Poor sepsis outcomes are strongly correlated to delays in time to recognition and treatment: every hour delay in the administration of appropriate antibiotics leads to a >5% rise in mortality in patients with infection, and increases the duration of organ failure and need for ICU support. Early recognition and rapid initiation of correct antimicrobial treatment can thus not only result in dramatic reduction of sepsis mortality but result in faster recovery, shortening the need for intensive care (ICU) bed days, which represents the largest cost factor.
At present, Queensland Health does not have standardised approaches for recognition and management of sepsis in children. Queensland Health is launching a Statewide Paediatric Sepsis Collaborative to reduce the impact of sepsis on child health. The Collaborative targets Emergency Departments across the state and is designed to lead to faster delivery of recognition and treatment of sepsis using a standardized approach based on best international practice. The pathway has been developed by wide stakeholder and consumer engagement.
Normal saline And lung Recruitment with paediatric Endotracheal Suction: NARES
Led by: Jessica Schults
How do you suction? Hi there, every year in Australia and New Zealand more than 5000 children are intubated and require endotracheal suctioning to maintain their breathing tube's patency. Suction prevents mucous and mucous is bad, well for the ventilated child anyway. Suction is primarily a nursing responsibility and there is limited scientific evidence that tells us how we should be suctioning our patients.
For nurses this means there is often uncertainty regarding the appropriateness of interventions we use in our daily practice, and we base our practice decisions on previous experience and gut instinct. As a consequence of this lack of scientific evidence, endotracheal suctioning guidelines used both nationally and internationally lack the rigour of guidelines that are often used in clinical practice.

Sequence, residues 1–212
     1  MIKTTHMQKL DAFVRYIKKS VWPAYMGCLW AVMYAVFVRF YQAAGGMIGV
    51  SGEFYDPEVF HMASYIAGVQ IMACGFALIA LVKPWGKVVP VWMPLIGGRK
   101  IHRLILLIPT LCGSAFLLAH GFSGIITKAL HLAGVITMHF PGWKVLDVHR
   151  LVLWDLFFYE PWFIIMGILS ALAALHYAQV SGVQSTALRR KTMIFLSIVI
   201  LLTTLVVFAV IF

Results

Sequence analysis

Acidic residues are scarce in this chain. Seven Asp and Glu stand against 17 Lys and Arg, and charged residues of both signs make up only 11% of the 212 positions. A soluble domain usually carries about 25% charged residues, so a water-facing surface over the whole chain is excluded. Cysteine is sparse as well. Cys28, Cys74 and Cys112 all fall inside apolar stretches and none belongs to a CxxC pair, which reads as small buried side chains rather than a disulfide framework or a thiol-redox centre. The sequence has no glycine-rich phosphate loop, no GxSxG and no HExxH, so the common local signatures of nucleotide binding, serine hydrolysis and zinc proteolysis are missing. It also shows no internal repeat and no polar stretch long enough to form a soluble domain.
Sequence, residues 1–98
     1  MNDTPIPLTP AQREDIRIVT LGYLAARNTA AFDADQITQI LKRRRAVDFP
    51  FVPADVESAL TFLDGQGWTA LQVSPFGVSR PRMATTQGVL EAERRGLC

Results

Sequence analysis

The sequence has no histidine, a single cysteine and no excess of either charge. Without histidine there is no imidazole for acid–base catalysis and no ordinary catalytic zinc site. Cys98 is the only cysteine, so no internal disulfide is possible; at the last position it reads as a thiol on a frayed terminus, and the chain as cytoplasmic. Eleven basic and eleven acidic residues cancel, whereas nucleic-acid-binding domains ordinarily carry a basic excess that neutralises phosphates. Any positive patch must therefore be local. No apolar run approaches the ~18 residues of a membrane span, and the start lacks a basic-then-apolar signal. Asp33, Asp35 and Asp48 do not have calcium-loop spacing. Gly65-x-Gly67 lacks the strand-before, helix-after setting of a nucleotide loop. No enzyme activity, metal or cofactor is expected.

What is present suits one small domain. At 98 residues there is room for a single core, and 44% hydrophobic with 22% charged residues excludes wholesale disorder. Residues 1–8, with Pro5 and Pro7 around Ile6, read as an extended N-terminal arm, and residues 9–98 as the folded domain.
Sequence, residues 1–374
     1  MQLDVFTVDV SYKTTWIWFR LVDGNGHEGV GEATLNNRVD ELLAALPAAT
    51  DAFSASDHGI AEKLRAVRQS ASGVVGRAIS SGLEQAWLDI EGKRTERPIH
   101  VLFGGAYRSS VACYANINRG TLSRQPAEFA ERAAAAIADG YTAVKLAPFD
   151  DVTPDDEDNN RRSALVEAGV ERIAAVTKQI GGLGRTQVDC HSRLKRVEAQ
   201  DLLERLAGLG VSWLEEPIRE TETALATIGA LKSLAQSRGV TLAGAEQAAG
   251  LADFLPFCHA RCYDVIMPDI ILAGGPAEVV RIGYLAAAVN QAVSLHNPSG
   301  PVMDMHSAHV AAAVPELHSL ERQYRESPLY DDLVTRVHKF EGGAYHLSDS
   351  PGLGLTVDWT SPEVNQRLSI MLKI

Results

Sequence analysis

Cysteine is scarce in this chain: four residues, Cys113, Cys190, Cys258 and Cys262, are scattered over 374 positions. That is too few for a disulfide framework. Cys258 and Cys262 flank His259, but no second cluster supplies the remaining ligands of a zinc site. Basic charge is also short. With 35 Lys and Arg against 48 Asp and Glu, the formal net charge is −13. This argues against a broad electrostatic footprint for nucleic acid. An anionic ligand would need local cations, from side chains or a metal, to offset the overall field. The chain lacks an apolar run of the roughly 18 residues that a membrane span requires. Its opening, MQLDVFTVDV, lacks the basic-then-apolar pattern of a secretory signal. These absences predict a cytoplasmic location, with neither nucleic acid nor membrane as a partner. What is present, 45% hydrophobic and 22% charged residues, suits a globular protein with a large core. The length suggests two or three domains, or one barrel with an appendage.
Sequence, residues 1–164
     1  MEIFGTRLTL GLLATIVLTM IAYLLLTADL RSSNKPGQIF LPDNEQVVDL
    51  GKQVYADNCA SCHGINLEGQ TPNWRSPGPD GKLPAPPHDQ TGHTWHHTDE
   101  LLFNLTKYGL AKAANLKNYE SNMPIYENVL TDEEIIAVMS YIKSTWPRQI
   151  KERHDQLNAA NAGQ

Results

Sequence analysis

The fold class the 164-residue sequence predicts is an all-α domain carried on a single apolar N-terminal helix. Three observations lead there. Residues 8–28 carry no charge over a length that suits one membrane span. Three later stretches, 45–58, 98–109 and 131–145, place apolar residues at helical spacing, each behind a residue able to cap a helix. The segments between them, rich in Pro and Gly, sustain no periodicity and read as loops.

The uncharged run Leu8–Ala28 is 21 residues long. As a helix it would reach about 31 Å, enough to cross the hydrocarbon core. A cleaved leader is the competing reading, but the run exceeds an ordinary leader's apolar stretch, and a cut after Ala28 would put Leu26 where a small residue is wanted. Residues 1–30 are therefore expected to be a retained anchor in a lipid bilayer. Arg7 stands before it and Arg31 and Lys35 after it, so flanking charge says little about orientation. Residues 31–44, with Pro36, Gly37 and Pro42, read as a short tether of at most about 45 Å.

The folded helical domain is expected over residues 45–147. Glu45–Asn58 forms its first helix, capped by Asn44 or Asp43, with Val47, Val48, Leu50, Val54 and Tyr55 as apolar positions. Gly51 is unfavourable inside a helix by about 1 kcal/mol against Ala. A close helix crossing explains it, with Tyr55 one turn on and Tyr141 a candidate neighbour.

My PhD research looks at testing two commonly used suction interventions 1) normal saline installation, and 2) lung recruitment. Through a systematic review of the evidence, interviews with key stakeholders such as nurses, and a pilot trial which examines the feasibility of conducting a large clinical trial, I hope to provide some important information about why and what affects our suction practices are having on children in our care. As a nurse, it seems crazy to me that one of the most common interventions we do in the PICU lacks the evidence to really help us decide how to do it. You can find more information on the trial at ANZCTR (trial registration: ACTRN12617000609358) or alternatively flick me an e-mail at email@example.com if you have a passion for suction I'd love to hear from you.
Development of the Paediatric Michigan Appropriateness Guide for Infusion Catheters (mini-MAGIC)
Led by: Professor Amanda Ullman
PIVC (peripheral intravenous catheter) insertion and management is challenging with more than 25% of devices failing in the paediatric population. Failure may require a child to undergo traumatic reinsertion procedures, delay important medical treatment and prolong the length of hospital stay. One way to reduce PIVC failure is with effective PIVC dressing and securement, by ensuring correct catheter position in the vein.
The aim of this study is to evaluate securement devices for PIVCs in the paediatric emergency department to determine which method is most effective for reducing PIVC failure, associated costs, acceptability, and patient distress.